We're talking about the U-joint pin, right? All I know is, somewhere in this forum, some time ago, I read where some folks leave the U-joint pin out, and claim that it works just fine as the U-joint apparently floats free and kind of seeks it's own level where it stays and operates very happily ever after. I wondered about this at the time I read it, as it seems to me that if Henry knew that this worked "just fine", he could have (and would have) saved the cost of that pin and the holes that had to be drilled for it,.....(times 15,000,000 Model T's).
Some folks leave the pin out when using an aftermarket pinion bearing, such as the one Fun Projects makes (even though John doesn't recommend it). That setup takes care of the D/S thrust at the rear of the shaft. I wouldn't think that leaving the pin out would be a good idea when using an original pinion bearing setup, since the thrust is handled by the front D/S bushing in that case.
Ahhh,......that explains it; thanks Mike.
Thought the thrust was taken up by a bearing in the pinion? Have i got it all wrong?
Kep -- There is a thrust bearing in front of the pinion gear which keeps the D/S from moving forward. The front D/S bushing has a vertical face that the U-joint runs against which keeps the D/S from moving rearward.
Leaving the pin out is never a good idea. With John's set-up, yes, the pinion position is held constant by his device. However, the floating u-joint will wear quickly as it floats a little too far forward, then binds a little and gets shot back, until it binds a little then gets sent forward, and so on, and so on....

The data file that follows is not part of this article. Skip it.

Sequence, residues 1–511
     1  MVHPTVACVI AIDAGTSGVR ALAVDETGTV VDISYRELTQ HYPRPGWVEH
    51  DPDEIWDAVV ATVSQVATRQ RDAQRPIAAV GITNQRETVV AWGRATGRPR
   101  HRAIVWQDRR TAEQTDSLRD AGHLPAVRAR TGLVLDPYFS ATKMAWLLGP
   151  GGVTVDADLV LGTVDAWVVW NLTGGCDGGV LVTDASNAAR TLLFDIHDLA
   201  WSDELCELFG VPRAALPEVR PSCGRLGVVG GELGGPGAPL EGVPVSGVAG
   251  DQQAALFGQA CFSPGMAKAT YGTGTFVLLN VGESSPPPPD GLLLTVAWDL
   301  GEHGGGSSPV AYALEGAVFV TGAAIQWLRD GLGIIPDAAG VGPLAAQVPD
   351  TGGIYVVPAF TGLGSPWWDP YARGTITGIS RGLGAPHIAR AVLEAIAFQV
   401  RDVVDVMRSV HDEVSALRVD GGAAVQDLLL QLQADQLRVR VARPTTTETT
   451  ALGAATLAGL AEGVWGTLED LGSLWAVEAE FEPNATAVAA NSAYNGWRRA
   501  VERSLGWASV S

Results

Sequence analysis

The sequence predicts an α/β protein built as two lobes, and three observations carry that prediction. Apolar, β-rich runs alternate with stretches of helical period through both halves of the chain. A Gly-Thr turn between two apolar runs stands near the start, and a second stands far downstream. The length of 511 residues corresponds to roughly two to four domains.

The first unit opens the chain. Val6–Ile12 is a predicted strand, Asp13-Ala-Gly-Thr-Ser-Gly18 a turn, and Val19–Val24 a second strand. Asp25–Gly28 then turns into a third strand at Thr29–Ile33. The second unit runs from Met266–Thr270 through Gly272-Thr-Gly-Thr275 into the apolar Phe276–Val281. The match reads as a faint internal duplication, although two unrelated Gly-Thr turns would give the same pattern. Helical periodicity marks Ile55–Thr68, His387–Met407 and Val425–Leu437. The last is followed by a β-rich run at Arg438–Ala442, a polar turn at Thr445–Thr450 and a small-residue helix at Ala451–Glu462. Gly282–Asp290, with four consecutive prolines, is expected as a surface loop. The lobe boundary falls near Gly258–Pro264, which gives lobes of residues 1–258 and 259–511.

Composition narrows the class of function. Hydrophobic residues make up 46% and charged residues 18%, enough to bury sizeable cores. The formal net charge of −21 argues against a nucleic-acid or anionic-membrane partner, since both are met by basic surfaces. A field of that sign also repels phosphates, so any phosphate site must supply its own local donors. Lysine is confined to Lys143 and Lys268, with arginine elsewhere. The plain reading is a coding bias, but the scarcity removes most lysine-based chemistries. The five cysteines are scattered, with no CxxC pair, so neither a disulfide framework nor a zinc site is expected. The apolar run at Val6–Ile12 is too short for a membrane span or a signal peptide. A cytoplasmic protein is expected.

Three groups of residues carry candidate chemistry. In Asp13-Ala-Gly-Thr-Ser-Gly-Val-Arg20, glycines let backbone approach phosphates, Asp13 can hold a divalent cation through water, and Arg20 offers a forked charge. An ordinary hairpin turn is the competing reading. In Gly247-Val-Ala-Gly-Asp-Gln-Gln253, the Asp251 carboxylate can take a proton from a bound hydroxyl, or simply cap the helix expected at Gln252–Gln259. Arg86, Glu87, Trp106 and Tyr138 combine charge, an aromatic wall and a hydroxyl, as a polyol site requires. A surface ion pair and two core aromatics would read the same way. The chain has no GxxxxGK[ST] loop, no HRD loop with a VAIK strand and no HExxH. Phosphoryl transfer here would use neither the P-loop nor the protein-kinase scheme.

A held, fixed position, exerting no extraneous forces on the joint, is always best.
What's worse, a floating Ujoint, or one that's pinned at the wrong length? Mine floats.
Willi, just to be clear, if the original type drive shaft bearings are used at the gear end, the U-joint flange (pinned in place) keeps the drive shaft from migrating to the rear and ruining the correct mesh of ring gear to pinion gear. Very important for driving and for stopping, as well as long gear life.
compression and/or scrubbing wear on the DS, i'd pick compression by using the pin
Why would you have it pinned at the wrong length?
There's only one exactly right length, isn't there, Jerry? When you mate the DS to worn R&P or other dimensional difference, you end up with the wrong length to the Ujoint. Or can't there be enough error to matter? How about a worn ball end as well?
I hear you Ralph. However, the relative positions for the ring & pinion should be the same, worn or not. (Don't know why you would use a worn R & P but that's another story.) But yes, there's other factors too, such as ball socket wear, as you state. Can't do much about those things however but you can control the wandering nature of an unpinned u-joint.
That it hasn't been a problem for you is good to hear. I know you drive your T a lot.